Bruce Bochy is the Manager of the San Francisco Giants. He lead his team to win the World Series in 2010, and last night, he lead his 2012 team to do it all over again.
I’ve been following the Giants all season long. I’m particularly interested in Bochy’s leadership, so I’ve been watching carefully through the lenses of a learner during 2012.
One story really sticks out to me.
WHAT’S A P.E.D. ANYWAY?
At the July 2012 MLB All-Star Game, a Giants outfielder named Melky Cabrera made a huge splash. He was not only voted in (by the fans) to start in left field, but he ended up winning the MVP of the Game. It was a magical night for Cabrera.
One month later, on Wednesday August 15, the sports world received the shocking news that Cabrera had tested positive for performance-enhancing drugs (PED’s). He admitted using a banned substance and accepted the 50-game suspension. At the time, he had a major league-leading 159 hits and was second in the NL with a .346 batting average.
He left the Giants clubhouse without addressing the team. His reasoning doesn’t matter.
The only thing that matters now is how the Giants Manager – Bruce Bochy – would respond. He would face the media, and he would communicate the need to “put this behind us” and to “move on from here”. He would express his own shock. His team would take the field that day against the Washington Nationals, and get beat. Clearly, the Giants were in no shape to play on that Wednesday.
On Friday of that week, the Giants traveled to San Diego, where they swept the Padres. In the seven weeks that remained in the regular season, the Giants ran away with the National League West. The Giants became a better team AFTER they lost their offensive rock star. So my question is a simple one.
What happened on Thursday, August 16?
WHAT HAPPENED ON THURSDAY?
Between the Wednesday announcement and 50-game suspension, and the new beginning that Friday, there was a Thursday when the Giants didn’t play. What happened on that day? You’ll find the answer buried in some local blogs and newspapers, but you’ll really have to search for it. I heard the news on a Giants radio broadcast, as a side-story – an “oh, by the way” thing. No national news reported on it.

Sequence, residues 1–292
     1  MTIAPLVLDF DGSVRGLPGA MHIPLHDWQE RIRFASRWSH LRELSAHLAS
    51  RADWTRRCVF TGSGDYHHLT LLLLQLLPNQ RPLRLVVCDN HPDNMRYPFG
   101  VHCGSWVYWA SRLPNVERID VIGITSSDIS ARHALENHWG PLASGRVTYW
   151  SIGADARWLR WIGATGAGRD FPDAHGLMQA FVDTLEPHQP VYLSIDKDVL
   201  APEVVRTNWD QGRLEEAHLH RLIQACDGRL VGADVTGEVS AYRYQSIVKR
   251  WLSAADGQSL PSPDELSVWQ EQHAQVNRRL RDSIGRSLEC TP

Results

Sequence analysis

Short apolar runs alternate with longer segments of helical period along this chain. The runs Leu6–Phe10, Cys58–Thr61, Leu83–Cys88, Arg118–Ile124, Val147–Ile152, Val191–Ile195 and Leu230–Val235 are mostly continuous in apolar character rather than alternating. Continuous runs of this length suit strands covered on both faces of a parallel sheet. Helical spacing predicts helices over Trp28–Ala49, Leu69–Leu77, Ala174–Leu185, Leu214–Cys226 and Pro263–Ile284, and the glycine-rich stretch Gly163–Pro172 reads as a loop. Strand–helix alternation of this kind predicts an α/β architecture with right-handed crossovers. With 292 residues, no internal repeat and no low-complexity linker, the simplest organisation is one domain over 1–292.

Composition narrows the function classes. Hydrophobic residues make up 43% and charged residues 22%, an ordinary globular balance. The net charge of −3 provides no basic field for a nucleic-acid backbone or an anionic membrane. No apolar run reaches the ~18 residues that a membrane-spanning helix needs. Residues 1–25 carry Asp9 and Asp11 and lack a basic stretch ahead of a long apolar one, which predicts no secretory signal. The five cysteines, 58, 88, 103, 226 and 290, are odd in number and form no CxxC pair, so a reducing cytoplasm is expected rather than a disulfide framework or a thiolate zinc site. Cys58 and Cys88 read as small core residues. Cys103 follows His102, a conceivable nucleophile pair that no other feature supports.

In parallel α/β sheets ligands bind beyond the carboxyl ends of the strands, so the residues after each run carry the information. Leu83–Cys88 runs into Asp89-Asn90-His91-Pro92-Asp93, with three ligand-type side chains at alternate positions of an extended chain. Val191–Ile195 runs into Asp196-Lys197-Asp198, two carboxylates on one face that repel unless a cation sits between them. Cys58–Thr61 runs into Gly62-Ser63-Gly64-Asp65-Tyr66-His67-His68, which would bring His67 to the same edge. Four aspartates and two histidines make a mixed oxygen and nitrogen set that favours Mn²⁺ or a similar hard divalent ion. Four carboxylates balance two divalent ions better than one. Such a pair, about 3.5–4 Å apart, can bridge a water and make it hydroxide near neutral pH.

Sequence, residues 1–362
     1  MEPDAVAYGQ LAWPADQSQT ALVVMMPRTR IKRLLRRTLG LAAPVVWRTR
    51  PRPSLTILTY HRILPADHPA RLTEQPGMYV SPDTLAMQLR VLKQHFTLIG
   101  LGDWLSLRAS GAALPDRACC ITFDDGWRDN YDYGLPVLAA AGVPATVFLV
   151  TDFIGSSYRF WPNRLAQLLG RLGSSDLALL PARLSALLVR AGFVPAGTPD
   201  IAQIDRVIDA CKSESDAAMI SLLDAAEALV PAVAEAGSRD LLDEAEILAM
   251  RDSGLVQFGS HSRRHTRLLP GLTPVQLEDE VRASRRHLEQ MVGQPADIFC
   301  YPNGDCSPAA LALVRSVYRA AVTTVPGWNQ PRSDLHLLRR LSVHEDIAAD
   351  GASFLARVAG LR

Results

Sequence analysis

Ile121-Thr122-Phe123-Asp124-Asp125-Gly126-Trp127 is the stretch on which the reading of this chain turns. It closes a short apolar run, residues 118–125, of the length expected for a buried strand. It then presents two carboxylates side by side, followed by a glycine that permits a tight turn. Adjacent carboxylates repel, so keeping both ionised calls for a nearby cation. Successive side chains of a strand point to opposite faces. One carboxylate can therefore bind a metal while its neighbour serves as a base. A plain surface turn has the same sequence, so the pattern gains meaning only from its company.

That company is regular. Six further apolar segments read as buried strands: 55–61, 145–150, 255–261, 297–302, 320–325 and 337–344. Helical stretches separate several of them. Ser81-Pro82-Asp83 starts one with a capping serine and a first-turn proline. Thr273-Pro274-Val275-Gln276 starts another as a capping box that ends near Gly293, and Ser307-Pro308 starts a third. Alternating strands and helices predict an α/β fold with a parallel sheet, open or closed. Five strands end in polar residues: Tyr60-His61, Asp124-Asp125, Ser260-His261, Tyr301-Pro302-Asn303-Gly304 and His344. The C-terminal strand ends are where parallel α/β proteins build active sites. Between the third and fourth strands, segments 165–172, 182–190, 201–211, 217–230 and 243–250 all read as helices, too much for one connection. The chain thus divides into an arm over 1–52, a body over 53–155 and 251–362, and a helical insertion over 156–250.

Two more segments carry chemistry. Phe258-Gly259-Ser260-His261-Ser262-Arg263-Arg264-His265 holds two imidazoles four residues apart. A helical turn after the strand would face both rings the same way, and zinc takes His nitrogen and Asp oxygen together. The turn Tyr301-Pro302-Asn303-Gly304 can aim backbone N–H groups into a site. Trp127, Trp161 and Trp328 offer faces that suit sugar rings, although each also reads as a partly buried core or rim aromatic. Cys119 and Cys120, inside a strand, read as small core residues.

On Thursday August 16, Bruce Bochy cancelled practice, and invited his entire team to his house for a BBQ.
It wasn’t a meeting. It wasn’t a strategy session. There’s some question as to whether or not Bochy even addressed the team at all. He simply cooked them all dinner, allowing them to sit together and just be normal. We don’t know what they ate or drank, and I suppose it doesn’t really matter.
WHAT IF THE ANSWER IS ALWAYS COMMUNITY?
As leaders, we’re always dreaming and strategizing and vision-casting and planning and evaluating and mapping and preparing and organizing and arranging and designing and projecting and aiming and targeting and representing and goal-setting and programming and measuring and reporting. None of this is wrong or bad or evil.
But in the middle of all that stuff, sometimes the Teams we lead simply need to be together.
As a community.
With no agenda.
With no expectations.
So the next time you find your business or church or non-profit in a tough spot, the answer may be to have a series of strategy meetings to formulate a plan to get out of it. I’m quite sure that these things will be needed.
But the foundational answer may lie in getting everyone together, and simply having a meal together, with no expectations and no agenda.
At the end of his life, Solomon concluded (Ecclesiastes 8:15 CEB) -
So I commend enjoyment because there’s nothing better for people to do under the sun but to eat, drink, and be glad. This is what will accompany them in their hard work, during the lifetime that God gives under the sun.
We’ve got the “hard work” part of that verse nailed. But a great leader will also help his or her teams learn to eat, drink, and be glad in the middle of the insecurity that accompanies any good effort.
Bruce Bochy proves it.
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